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<nettime-ann> Open 21 - (Im)Mobility, Exploring the Boundaries of Hyperm
Eric Kluitenberg on Wed, 1 Jun 2011 13:57:34 +0200 (CEST)

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<nettime-ann> Open 21 - (Im)Mobility, Exploring the Boundaries of Hypermobility - Theme Issue Journal for Art and the Public Domain

A  N  N  O  U  N  C  E  M  E  N  T

Tuesday evening May 24 we presented the theme issue (im)Mobility of Open, Journal for Art and the Public Domain at the Stedelijk Museum Bureau Amsterdam, in combination with a screening of The Forgotten Space, the film by Allan Sekula and NoÃl Burch (www.skor.nl/artefact-5492-en.html).

Below more information on the issue.

- eric


Open 21


Exploring the Boundaries of Hypermobility

Increasing densities of communications technologies seem to lead to  an increase in physical and motorised mobility, rather than their replacement or reduction. At the same time, these accelerating flows of data and commodities stand in sharp contrast to the elbow room afforded to the biological body, which in fact is forced to a standstill. And while data, goods and capital have been freed of their territorial restrictions, the opposite is true for a growing proportion of the world's population: border regimes, surveillance and identity control are being intensified at a rapid pace. In short, we are seeing both an uncurbed and uncontrolled increase of mobility and segregating filtrations. This issue of Open explores the internal contradictions of prevailing im/mobility regimes and their effects on social and physical space.


Media theorist Eric Kluitenberg, guest editor of this issue, charts the many mobility regimes in search of a perspective for intervention.

Philosopher Marc Schuilenburg argues for connectivity with the local, introducing the concept of 'terroir'.

Cultural critic Brian Holmes analyses the capitalist mobility system: container transport and just-in-time production.

Film stills from the documentary Forgotten Space by Allan Sekula and NoÃl Burch portray the relation between oceanic shipping lanes and the globalised economy.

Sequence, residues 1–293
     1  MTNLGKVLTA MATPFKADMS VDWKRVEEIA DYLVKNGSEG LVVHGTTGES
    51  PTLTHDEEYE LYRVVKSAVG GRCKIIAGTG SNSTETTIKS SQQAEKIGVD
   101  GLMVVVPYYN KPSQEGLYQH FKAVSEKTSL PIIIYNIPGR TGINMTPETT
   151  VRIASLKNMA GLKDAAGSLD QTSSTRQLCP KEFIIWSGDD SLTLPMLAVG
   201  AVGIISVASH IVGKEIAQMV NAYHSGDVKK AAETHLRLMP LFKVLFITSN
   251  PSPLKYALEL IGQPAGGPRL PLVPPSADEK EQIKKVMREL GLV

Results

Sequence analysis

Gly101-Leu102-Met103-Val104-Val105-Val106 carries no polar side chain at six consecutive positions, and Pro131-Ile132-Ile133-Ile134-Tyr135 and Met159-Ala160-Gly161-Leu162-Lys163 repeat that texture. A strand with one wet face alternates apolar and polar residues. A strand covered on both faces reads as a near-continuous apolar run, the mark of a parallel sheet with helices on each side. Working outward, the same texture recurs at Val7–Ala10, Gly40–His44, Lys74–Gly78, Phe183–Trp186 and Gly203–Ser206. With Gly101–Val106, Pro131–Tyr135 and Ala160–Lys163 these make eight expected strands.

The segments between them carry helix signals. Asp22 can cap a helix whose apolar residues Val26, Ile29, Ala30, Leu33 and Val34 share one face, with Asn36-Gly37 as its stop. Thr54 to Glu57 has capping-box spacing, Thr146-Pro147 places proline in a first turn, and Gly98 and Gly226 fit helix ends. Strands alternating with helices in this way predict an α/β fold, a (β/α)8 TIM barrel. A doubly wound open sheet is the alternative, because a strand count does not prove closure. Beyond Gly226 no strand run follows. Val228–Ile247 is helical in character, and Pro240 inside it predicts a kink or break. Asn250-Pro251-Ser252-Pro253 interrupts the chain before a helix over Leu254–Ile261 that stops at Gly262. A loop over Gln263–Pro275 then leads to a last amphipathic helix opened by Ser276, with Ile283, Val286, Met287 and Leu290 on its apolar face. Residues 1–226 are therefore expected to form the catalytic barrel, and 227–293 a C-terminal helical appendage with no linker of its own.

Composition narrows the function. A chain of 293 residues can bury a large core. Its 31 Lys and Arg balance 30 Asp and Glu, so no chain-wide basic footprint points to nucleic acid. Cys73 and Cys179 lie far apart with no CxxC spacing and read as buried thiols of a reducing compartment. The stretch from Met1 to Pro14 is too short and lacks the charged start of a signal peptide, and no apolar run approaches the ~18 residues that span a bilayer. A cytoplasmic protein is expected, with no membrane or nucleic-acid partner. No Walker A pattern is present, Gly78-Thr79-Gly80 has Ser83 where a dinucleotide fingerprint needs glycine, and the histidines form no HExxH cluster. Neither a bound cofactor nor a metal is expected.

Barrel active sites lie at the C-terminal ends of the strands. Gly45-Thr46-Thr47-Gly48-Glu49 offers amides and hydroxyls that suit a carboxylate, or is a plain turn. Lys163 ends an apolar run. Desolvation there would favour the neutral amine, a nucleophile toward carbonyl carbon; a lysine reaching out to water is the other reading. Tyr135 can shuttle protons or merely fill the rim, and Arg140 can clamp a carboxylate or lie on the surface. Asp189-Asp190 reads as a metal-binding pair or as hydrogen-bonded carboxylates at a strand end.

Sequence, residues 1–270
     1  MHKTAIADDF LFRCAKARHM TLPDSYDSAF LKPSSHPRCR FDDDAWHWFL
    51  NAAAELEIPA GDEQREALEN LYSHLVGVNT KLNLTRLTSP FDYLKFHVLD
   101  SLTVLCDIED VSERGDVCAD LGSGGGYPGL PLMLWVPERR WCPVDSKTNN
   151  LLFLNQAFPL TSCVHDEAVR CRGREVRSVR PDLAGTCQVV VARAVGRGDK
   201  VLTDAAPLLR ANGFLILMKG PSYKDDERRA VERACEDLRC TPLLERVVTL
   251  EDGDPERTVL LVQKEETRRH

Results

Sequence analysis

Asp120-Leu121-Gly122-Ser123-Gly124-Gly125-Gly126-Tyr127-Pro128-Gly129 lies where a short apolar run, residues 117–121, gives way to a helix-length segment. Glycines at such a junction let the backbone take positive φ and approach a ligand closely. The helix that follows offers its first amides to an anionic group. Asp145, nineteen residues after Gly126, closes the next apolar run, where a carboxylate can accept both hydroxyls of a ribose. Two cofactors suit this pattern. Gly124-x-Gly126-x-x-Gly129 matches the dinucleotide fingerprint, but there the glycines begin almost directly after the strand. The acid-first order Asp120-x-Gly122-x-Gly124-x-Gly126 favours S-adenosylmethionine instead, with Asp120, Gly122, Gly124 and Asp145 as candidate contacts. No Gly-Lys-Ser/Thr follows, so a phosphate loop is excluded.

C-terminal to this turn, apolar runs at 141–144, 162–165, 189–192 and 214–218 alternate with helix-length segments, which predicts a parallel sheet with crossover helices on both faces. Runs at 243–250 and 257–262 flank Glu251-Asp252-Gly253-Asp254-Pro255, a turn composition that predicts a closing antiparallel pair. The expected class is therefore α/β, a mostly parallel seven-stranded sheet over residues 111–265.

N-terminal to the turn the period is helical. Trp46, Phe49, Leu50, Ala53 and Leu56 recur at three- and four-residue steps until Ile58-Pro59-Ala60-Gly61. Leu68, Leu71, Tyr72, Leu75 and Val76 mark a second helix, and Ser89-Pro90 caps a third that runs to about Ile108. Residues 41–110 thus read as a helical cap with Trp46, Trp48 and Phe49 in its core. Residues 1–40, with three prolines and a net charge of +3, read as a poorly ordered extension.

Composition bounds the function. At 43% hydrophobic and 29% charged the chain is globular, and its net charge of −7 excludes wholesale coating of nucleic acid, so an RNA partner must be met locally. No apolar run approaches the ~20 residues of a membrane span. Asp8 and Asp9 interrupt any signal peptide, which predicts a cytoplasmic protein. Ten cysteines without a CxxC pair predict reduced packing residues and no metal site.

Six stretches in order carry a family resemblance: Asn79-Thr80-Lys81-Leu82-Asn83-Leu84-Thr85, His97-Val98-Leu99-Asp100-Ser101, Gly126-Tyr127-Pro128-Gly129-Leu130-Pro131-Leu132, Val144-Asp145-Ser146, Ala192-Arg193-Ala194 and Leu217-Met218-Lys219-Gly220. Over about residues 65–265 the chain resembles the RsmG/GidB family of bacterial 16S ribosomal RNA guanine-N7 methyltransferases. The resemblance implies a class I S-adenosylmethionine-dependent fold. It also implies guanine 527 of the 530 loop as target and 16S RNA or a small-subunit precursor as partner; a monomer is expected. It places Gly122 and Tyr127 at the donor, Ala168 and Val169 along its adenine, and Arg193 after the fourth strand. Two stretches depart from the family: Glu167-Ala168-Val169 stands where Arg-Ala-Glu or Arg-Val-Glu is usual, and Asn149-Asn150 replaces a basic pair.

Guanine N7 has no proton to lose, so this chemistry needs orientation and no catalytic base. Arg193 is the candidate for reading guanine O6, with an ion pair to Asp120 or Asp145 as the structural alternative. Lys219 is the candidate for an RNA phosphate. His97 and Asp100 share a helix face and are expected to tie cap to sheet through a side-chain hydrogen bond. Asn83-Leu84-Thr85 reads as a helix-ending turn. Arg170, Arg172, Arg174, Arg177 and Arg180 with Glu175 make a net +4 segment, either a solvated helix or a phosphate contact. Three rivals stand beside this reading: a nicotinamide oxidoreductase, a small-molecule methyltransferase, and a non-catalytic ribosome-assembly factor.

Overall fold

Architectural historian Wim Nijenhuis wonders what exile means in today's 'exit city'.

Architect Charlotte Lebbe investigates the external borders of the Schengen Area and sees the rise of a new 'dispositif' surveillance: the Ban-Opticum.

Sociologist Merijn Oudenampsen and architect Miguel Robles-DurÃn interview David Harvey on the spatial effects of capital accumulation.

Media theorist Joss Hands writes about the mobilising capacity of social media in recent events in the Middle East.

Media artist and researcher Florian Schneider introduces the concept of 'transnationality' in order to tackle the ambivalence of current border regimes.

Design critic John Thackara argues for a change in the thinking on mobility.

Media theorist Tatiana Goryucheva asks where the democratisaton of technological design begins, investigating the case  of food traceability technology.

Design studio Metahaven drafts a speculative future for 'mobile money', and  architect Nerea Calvillo discusses the visual urban interfaces charting air pollution developed for the In the Air project in Madrid.



Open is an initiative of SKOR | Foundation for Art and Public Domain and is published by NAI Publishers.

Jorinde Seijdel and Liesbeth Melis (eds.) âEric Kluitenberg (guest editor)
Open 21â(Im)mobilityâExploring the Limits of Hypermobility
Design: Thomas Buxà and Klaartje van Eijk, Paperback, Illustrated (colour and b/w), 176 pages, 17 x 24 cmâEnglish edition, ISBN 978-90-5662-814-7, â 23.50âDutch edition, ISBN 978-90-5662-813-0âMay 2011


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